From the Primary Care CVD Leadership Forum, including Dr Matt Kearney, Professor Ahmet Fuat, Dr Kathryn Griffith, Dr Chris Arden, Professor David Fitzmaurice, Dr Clare Hawley, Professor Mike Kirby, Professor Ruth Chambers, Dr John Robson, Dr Paul Wright, Dr Ivan Benett, Dr Matthew Fay, Dr George Kassianos and Professor Kamlesh Khunti (all GPs) and Jan Procter-King of the British Heart Foundation
Current performance in primary care in relation to prevention and early diagnosis is fairly patchy. Like the GPs quoted in your story last month, we agree that we are struggling to cope with a burgeoning workload.
But while the NHS of 1948 focused on treating the sick, in 2014 this model is no longer appropriate.
A third of deaths in under-75s are due to preventable illness. As the obesity epidemic rolls on, the burden of non-communicable disease threatens to overwhelm us. This needs both a public health and an NHS response. We agree there is an urgent need to find ways of reducing our workload in GP practices. But closing our eyes to the need for prevention of risks is making the NHS unsustainable.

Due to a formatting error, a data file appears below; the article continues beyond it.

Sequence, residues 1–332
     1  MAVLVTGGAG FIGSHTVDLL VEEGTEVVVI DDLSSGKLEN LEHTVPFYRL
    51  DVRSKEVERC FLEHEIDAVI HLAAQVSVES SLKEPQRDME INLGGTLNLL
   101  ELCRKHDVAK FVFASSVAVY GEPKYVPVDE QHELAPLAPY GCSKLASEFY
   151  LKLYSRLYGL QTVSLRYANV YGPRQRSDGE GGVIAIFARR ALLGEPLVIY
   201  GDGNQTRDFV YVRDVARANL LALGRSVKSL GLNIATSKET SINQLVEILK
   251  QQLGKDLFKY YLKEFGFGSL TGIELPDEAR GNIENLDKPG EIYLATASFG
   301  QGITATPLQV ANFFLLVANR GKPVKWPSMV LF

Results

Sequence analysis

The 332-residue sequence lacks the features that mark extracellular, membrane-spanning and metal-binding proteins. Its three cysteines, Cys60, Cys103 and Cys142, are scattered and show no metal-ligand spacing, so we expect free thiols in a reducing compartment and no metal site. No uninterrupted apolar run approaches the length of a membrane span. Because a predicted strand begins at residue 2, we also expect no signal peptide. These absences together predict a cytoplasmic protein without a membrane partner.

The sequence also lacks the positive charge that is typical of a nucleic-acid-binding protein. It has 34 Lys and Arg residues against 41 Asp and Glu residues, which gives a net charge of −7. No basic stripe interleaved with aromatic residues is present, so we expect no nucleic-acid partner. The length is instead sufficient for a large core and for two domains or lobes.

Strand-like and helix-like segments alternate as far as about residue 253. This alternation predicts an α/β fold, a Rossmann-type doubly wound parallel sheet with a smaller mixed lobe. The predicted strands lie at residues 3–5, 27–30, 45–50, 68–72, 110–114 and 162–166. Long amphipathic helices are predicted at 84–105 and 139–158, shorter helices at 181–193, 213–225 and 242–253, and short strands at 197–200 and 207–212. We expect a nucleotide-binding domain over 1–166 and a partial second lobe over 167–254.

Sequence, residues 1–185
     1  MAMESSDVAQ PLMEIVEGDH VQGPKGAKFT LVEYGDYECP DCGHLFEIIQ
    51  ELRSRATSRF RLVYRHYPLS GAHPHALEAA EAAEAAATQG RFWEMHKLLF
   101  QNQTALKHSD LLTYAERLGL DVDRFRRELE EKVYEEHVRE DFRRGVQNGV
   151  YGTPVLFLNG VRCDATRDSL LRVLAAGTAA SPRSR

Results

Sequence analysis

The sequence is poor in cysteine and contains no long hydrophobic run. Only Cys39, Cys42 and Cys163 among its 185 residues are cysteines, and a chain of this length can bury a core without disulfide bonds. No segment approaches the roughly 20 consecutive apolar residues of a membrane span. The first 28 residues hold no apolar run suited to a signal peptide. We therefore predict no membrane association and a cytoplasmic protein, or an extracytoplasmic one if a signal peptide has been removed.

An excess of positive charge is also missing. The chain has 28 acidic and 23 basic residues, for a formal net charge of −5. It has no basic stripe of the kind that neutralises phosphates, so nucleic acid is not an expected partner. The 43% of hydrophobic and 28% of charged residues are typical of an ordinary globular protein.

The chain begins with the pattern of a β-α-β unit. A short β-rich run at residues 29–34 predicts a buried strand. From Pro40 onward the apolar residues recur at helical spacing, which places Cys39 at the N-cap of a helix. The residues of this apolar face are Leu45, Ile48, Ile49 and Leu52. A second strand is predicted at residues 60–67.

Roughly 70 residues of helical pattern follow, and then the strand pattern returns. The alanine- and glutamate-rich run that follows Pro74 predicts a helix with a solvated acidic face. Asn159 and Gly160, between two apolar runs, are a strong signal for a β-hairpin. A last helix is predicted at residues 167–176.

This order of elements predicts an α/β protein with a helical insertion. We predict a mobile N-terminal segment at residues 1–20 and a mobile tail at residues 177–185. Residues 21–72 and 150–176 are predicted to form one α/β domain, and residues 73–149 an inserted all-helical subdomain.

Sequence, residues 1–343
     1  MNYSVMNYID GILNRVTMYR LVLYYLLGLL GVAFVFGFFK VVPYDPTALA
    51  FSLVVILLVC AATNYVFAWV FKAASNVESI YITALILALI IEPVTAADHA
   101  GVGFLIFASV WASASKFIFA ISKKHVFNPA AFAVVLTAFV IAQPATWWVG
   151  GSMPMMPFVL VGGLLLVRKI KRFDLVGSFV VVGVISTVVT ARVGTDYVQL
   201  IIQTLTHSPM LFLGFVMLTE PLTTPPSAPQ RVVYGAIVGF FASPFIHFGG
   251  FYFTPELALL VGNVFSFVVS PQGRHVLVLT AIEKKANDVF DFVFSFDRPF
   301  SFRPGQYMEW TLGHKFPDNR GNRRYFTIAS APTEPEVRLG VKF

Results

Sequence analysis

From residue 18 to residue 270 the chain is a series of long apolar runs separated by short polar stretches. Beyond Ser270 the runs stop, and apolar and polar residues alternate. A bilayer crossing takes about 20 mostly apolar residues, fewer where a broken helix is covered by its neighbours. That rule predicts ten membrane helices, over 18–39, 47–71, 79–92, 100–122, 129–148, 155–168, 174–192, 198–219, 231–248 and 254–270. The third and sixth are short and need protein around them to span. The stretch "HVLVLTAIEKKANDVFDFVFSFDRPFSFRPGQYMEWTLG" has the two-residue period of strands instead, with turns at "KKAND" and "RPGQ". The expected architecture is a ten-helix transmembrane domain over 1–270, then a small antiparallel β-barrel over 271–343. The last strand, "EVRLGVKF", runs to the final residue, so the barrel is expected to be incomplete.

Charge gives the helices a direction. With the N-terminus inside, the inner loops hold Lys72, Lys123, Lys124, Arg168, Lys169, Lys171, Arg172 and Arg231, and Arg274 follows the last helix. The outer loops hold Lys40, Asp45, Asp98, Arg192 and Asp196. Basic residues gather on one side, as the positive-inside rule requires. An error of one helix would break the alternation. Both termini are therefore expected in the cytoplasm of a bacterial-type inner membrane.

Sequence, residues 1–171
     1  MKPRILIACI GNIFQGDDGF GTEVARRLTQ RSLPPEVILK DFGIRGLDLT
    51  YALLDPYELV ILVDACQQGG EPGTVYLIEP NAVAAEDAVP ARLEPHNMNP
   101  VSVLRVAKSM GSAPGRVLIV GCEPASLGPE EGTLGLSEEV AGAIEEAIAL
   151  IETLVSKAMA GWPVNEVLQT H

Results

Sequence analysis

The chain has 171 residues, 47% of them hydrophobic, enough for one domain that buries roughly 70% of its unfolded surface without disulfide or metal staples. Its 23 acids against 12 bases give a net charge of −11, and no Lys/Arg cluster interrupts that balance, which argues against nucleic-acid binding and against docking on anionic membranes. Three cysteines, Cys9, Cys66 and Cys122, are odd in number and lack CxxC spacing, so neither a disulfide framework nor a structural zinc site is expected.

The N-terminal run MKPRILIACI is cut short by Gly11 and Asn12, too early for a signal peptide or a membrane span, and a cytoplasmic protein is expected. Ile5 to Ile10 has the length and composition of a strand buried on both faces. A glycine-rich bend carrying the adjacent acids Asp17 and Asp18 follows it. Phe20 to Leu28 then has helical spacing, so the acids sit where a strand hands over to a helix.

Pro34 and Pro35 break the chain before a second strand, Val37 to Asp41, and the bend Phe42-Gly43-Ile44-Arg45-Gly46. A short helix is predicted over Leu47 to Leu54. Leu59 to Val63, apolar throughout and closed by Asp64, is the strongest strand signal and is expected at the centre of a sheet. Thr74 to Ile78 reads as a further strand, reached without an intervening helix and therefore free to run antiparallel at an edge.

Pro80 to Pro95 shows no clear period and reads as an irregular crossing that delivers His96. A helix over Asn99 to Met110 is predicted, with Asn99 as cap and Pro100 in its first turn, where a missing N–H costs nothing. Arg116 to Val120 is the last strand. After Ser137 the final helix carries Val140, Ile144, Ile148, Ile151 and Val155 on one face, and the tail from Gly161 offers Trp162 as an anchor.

At the very least, if our patients are at increased cardiovascular risk, they have a right be told and to be offered an informed discussion of the benefits and risks of treatment and lifestyle change.
While we accept that there is debate about whether the NHS Health Checks programme is the best delivery method for the evidence-based interventions it includes, and also about the lowering of the 10-year cardiovascular risk threshold to 10%, we would challenge the assertion that cure is more important than prevention, and we do not think the status quo is an evidence-based option.